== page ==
On August 14, 1935, President Franklin D. Roosevelt signs into law the Social Security Act. Press photographers snapped pictures as FDR, flanked by ranking members of Congress, signed into law the historic act, which guaranteed an income for the unemployed and retirees. FDR commended Congress for what he considered to be a “patriotic” act.
Roosevelt had taken the helm of the country in 1932 in the midst of the Great Depression, the nation’s worst economic crisis. The Social Security Act (SSA) was in keeping with his other “New Deal” programs, including the establishment of the Works Progress Administration and the Civilian Conservation Corps, which attempted to hoist America out of the Great Depression by putting Americans back to work.
In his public statement that day, FDR expressed concern for “young people [who] have come to wonder what would be their lot when they came to old age” as well as those who had employment but no job security. Although he acknowledged that “we can never insure one hundred percent of the population against one hundred percent of the hazards and vicissitudes of life,” he hoped the act would prevent senior citizens from ending up impoverished.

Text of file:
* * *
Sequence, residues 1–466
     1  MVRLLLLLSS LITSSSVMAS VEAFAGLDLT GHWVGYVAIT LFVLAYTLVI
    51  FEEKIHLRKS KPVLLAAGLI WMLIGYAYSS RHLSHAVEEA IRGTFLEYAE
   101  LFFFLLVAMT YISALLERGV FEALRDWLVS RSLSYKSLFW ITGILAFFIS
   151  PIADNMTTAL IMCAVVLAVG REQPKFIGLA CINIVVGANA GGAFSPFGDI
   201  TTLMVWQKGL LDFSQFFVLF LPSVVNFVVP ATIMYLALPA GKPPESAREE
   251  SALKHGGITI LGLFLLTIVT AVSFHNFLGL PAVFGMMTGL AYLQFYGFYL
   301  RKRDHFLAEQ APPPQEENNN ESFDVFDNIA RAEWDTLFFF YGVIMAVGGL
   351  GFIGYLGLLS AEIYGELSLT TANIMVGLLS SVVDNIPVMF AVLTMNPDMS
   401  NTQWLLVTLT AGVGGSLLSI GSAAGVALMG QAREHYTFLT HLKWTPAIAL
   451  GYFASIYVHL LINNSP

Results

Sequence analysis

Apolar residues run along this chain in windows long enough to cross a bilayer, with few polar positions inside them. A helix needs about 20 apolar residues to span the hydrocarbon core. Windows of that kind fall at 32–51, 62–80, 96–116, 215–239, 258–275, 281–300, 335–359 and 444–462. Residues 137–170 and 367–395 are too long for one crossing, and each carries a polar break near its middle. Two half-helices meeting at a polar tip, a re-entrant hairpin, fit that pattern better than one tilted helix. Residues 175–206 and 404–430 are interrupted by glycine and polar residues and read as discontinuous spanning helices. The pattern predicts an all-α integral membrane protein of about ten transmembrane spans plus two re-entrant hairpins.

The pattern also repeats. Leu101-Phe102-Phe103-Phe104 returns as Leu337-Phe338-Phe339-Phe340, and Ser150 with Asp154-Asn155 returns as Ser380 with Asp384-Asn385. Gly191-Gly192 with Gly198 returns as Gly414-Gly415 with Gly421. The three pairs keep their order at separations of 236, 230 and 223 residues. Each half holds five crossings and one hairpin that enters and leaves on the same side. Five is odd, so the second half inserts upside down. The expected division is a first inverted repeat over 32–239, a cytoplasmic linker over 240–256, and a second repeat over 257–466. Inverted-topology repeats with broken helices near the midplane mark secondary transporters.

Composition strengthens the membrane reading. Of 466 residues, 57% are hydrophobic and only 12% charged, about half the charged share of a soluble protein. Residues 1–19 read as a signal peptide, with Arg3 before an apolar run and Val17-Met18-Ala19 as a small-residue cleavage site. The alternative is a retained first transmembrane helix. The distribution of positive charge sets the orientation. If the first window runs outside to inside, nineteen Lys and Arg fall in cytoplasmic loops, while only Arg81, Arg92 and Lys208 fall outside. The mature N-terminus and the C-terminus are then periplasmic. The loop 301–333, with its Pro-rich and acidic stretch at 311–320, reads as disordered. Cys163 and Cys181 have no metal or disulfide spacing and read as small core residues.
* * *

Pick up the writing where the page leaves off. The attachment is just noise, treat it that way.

Although it was initially created to combat unemployment, Social Security now functions primarily as a safety net for retirees and the disabled, and provides death benefits to taxpayer dependents. The Social Security system has remained relatively unchanged since 1935.
My post from one year ago today: Japan’s Unconditional Surrender